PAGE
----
© 1997

The Tapestry of the Law

Scotland, Legal Culture and Legal Theory


Part of the Law and Philosophy Library book series (LAPS, volume 26)

Table of contents

  1. Front Matter
    Pages i-xiv
  2. Elspeth Attwooll
    Pages 1-16
  3. Elspeth Attwooll
    Pages 17-37
  4. Elspeth Attwooll
    Pages 39-59
  5. Elspeth Attwooll
    Pages 61-81
  6. Elspeth Attwooll
    Pages 83-100
  7. Elspeth Attwooll
    Pages 101-122
  8. Elspeth Attwooll
    Pages 123-142
  9. Elspeth Attwooll
    Pages 143-162
  10. Elspeth Attwooll
    Pages 163-181
  11. Elspeth Attwooll
    Pages 183-202
  12. Elspeth Attwooll
    Pages 203-219
  13. Elspeth Attwooll
    Pages 221-240
  14. Elspeth Attwooll
    Pages 241-250
  15. Back Matter
    Pages 251-258

About this book


Although its concern is jurisprudence, The Tapestry of the Law is intended to offer neither an original theory of or about law nor an account of other people's theories in textbook form. It is, rather, an attempt to approach the subject without following either of these conventions. The reasons are as follows. Those engaged in legal theory are prone to assert that one cannot properly understand the law unless one takes a jurisprudential approach - preferably their own - to it. Equally, those engaged in exposition of the law may counter that legal theory fails to pay adequate attention to actual law. There is at least some truth in these claims. Analyses, courses and textbooks on both sides do often seem to be produced without reference to the other. Yet such isolation is probably more apparent than real. Most, if not all, so-called "black letter" lawyers do operate on the basis of certain jurisprudential understandings, even if these are not articulated ones. In the frequently quoted words ofF C S Northrop: There are lawyers, judges and even law professors who tell us they have no legal philosophy.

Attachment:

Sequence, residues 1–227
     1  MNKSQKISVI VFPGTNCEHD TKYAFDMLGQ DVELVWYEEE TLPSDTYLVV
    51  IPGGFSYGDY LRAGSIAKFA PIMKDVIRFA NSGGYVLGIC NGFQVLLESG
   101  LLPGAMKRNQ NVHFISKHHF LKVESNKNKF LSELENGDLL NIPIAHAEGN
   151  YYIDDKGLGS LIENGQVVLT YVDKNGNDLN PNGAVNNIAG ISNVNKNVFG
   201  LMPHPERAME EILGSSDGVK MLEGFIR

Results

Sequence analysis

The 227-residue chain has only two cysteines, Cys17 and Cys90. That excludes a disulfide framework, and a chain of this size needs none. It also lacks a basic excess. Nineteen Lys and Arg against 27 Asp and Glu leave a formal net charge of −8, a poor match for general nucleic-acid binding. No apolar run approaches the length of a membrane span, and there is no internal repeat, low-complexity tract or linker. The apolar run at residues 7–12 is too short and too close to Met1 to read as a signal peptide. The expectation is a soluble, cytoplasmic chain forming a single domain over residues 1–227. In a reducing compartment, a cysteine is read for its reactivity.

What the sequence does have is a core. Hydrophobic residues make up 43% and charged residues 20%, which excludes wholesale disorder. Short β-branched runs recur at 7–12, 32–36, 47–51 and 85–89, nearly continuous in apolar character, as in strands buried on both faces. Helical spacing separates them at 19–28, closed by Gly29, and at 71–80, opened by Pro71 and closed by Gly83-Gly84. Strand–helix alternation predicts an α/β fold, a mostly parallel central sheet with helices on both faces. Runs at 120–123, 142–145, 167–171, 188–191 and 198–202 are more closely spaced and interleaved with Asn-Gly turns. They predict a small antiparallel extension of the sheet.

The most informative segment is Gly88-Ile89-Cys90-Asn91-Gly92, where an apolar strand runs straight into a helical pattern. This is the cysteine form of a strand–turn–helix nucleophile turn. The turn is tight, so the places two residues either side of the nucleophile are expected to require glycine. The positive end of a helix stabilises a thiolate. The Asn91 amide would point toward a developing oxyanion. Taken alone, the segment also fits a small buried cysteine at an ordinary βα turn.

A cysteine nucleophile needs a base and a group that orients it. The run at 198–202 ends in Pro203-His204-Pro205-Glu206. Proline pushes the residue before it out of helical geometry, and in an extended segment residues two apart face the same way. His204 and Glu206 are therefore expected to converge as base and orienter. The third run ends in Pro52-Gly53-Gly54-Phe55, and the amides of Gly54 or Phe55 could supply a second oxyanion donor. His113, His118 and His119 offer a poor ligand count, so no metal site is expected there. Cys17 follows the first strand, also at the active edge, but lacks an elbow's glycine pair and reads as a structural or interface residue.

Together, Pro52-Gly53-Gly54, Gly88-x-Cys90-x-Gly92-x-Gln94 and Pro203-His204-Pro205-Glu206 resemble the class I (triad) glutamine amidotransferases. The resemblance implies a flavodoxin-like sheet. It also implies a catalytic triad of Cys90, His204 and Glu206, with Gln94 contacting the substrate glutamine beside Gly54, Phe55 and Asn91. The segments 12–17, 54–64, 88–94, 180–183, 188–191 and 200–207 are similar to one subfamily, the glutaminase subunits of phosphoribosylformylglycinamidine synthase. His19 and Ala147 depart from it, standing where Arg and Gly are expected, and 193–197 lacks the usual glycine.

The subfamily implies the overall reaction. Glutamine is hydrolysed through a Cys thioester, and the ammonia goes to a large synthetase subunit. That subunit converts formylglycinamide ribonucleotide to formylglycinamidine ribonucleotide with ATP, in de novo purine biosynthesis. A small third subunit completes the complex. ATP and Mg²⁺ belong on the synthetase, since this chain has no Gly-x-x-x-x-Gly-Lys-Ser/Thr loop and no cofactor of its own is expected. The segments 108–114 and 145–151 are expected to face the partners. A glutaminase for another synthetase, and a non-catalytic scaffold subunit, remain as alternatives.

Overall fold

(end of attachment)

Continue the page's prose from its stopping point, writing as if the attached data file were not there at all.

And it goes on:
comparative law ideology interpret interpretation issue jurisprudence law will

Authors and affiliations

  1. 1.University of GlasgowScotland, UK

Bibliographic information

Industry Sectors


` ... a comprehensive survey of trends in twentieth-century jurisprudence ... The Tapestry of Law is clearly intended for a general audience, and on that level it deserves great success. This is an ideal book to offer to anyone curious about the current concerns of English-speaking philosophers of law. Overall, however, the risks Attwooll has taken by writing this sort of book have been fairly taken, and the result is an enjoyable read with plenty of substance.'
Philosophy in Review/Comptes rendus philosophiques (1998)